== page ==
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Palma de Mallorca majorca

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Palma de Mallorca Historic Buildings

The Almudaina Palace
The Almudaina Palace was originally built as an Arab fortress, however, following the conquest of the island in the 14th Century by King James, it became the official Majorcan residence of the Spanish Royal Family. The work was undertaken on behalf of the King, by Pere Salva who was also responsible for building the Bellver Castle.

The Palace stands opposite the Cathedral, overlooking the harbour, and although most visitors are impressed with the S'Hort des Rei Gardens that surround the Palace, many are then unfortunately disappointed to find that once inside most of the rooms and corridors actually empty. Opening hours are:
Monday to Friday 10:00 to 18:30
Saturdays: 10:00 to 14:00
Closed Sundays
Monday to Friday 10:00 to 14:00 and 16:00 to 18:00
Closed Saturday and Sunday

The Cathedral of Mallorca
The Cathedral of Palma, which is also known locally as La Seu, is an impressive Gothic style building that was built over a 300 hundred year period during the 14th to 17th Century. Although it has to be said that much of the facade was actually rebuilt during the 19th Century after an earthquake destroyed part of its western front.

La Seu is a landmark of the city, and as we said on our opening page it will undoubtedly be the first recognisable landmark that you see on the final approach before landing at the nearby Son Sant Joan International airport, and the sight of it from the air never ceases to take your breath away.

Tradition has it that as King and his army were sailing towards Majorca a great storm arose that threatened to sink the fleet. James is said to have prayed for the storm to pass, and vowed that if he landed safely, he would build a great Cathedral in honour of the Virgin Mary. Symbolically on New Year's Day 1230, a day after the fall of Palma, the foundation stone of the Cathedral was laid on the site of what was the city's main mosque.

The Cathedral is actually dedicated to San Sebastian, the patron saint of Palma, and contains relics and pieces of the True Cross in its treasury, also inside the Royal Chapel are the tombs of Kings James II and James III of Mallorca.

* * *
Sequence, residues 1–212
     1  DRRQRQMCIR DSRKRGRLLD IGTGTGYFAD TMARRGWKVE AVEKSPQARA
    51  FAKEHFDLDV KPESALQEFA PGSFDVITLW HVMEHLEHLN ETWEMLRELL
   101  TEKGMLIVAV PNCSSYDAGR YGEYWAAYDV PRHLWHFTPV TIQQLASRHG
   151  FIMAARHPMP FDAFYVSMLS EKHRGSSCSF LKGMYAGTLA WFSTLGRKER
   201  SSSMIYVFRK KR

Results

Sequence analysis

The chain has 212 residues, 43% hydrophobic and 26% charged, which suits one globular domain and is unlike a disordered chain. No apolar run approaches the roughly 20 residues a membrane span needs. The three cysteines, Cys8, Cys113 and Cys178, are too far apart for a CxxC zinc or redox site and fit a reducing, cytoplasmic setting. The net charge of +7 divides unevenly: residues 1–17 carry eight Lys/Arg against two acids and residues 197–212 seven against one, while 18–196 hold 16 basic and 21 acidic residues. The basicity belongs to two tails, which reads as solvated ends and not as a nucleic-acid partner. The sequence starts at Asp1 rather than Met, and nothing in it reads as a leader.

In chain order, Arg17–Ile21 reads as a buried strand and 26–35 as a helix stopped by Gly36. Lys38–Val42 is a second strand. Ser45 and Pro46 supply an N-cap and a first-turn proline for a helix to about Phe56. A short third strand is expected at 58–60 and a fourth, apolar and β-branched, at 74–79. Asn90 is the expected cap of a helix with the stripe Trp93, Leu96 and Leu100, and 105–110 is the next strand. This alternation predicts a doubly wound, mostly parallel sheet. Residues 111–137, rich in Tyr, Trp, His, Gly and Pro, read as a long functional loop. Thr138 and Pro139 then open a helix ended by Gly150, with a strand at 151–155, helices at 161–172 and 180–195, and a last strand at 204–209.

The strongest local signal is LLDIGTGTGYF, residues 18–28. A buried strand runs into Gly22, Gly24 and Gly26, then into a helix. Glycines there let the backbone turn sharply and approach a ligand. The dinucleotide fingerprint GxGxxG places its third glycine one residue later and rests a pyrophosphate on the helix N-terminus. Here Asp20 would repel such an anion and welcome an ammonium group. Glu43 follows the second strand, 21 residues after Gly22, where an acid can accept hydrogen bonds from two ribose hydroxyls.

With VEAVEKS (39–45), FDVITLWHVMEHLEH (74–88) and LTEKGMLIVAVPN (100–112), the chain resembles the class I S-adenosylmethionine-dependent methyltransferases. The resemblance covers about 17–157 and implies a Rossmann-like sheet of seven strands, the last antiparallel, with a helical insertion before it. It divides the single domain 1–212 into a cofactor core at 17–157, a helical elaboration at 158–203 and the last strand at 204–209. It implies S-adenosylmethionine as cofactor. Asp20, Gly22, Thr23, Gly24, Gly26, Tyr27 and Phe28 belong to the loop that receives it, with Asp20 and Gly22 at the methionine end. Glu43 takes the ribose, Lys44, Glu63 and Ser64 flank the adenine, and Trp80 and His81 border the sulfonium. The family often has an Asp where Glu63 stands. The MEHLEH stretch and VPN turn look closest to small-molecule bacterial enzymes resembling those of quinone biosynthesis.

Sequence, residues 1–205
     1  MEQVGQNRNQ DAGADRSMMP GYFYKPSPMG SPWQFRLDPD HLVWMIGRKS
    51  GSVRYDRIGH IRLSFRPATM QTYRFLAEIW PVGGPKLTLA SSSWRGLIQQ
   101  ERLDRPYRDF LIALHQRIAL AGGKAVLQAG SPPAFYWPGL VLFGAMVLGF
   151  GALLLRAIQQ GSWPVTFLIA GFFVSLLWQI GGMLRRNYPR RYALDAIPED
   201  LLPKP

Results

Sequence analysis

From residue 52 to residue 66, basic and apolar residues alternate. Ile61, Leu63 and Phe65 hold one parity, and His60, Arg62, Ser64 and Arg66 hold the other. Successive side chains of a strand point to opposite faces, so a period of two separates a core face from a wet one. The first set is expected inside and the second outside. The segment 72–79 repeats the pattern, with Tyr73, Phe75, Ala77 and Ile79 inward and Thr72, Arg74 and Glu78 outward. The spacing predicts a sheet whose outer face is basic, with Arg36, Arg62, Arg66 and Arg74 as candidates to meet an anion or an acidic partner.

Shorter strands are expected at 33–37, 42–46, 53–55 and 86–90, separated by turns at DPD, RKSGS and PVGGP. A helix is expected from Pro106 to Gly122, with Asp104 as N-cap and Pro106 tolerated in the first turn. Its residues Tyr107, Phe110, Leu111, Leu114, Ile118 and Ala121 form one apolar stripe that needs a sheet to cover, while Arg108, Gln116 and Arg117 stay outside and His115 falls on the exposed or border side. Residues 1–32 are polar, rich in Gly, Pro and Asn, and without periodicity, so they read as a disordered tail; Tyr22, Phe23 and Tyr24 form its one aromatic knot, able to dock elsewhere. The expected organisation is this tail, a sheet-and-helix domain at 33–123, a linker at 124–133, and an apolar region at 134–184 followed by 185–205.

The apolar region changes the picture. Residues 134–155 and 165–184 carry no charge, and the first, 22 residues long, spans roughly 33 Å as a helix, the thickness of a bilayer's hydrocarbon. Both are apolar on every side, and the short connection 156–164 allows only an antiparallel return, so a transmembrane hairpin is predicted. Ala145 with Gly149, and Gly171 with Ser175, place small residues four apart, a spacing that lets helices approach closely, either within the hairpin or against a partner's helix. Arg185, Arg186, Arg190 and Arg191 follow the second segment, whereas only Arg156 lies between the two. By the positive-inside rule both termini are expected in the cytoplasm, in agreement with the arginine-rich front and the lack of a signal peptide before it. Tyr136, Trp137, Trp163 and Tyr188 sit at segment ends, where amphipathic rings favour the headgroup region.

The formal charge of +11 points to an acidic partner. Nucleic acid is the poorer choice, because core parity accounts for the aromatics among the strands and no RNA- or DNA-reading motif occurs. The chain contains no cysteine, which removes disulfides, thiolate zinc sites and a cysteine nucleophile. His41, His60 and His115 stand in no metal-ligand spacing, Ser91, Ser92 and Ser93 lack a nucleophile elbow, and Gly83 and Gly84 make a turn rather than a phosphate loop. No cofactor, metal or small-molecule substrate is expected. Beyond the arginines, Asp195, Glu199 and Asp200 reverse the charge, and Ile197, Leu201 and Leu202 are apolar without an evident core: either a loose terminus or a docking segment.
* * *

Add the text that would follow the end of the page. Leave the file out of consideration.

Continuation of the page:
Visitors to the Cathedral enter through a small side door which, after passing through a small museum, leads to the nave looking towards what is still one of the world's largest stain glass windows containing 1,236 pieces of glass, and measuring almost 12m across.

The Cathedral is open to the public:
Weekdays 10:00 to 18:00
Saturdays 10:00 to 14:00
Closed Sundays

Contact details for more information is:
The Cathedral of Palma
Placa Almoina, s/n
Palma de Mallorca
Telephone: +34 971 723 130

The Arab Baths
The 10th Century Arab Baths are virtually all that now remain of the Arab city of Medina Mayurqa. Historians believe that they were probably once part of a nobleman's house as they are similar to those found in other Islamic cities of the time. Contact details for more information is:
The Arab Baths
Carrer Can Serra 7
Palma de Mallorca
Telephone: +34 971 721 549

Bellver Castle
Bellver Castle is the home of the city's History Museum, and although we have already briefly mentioned it on our Museums pages, we feel it worthy of a further mention here.

Construction of the castle began in 1309 by order of King James II, and during the last 700 years has been at times summer palace for the island's monarchy and also an impenetrable prison. The Castle remained in State ownership until 1931, when it, and the surrounding woodland, were transferred into the care of the Palma City Council. Today it exhibits are spread over two floors, with the ground floor containing the Armoury Courtyard and Museum of the City’s History. The second and main floor, then contains the San Marcos Chapel, Sala de Jovellanos, Throne Room, kitchen and the Despuig Collection of Classical Sculpture. If all this culture is becoming too much for you, the terrace does also offer visitors an unrivalled panoramic view over the city and Palma bay.

Although at some 3km from the city centre, and over 112m above sea level, for most people the very thought of walking to the castle is, to say the least, a little daunting. However, we are pleased to say that access by public transport has been made quite easy with the 3, 4, 20, 21 and 22 buses all taking visitors within a few hundred metres of the entrance. Admission into the castle is also very reasonable at 1.73€ per person, which works out at around £1.20.

The Bellver Castle is open during the summer months;
Weekdays 8:00 to 21:00
Sundays and Public Holidays in April, May, June and September: 10:00 to 19:00
Sundays and Public Holidays in July and August: 10:00 to 14:00 and 16:00 to 20:00
and during the winter:
Weekdays 8:00 to 20:
Sundays and Public Holidays October to March:: 10:00 to 17:00

Contact details for further information:
Bellver Castle
Bosc de Bellver s/n
Palma de Mallorca
Telephone: +34 971 730 657
Fax: +34 971 454 373

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This website was launched on 1 May 2002

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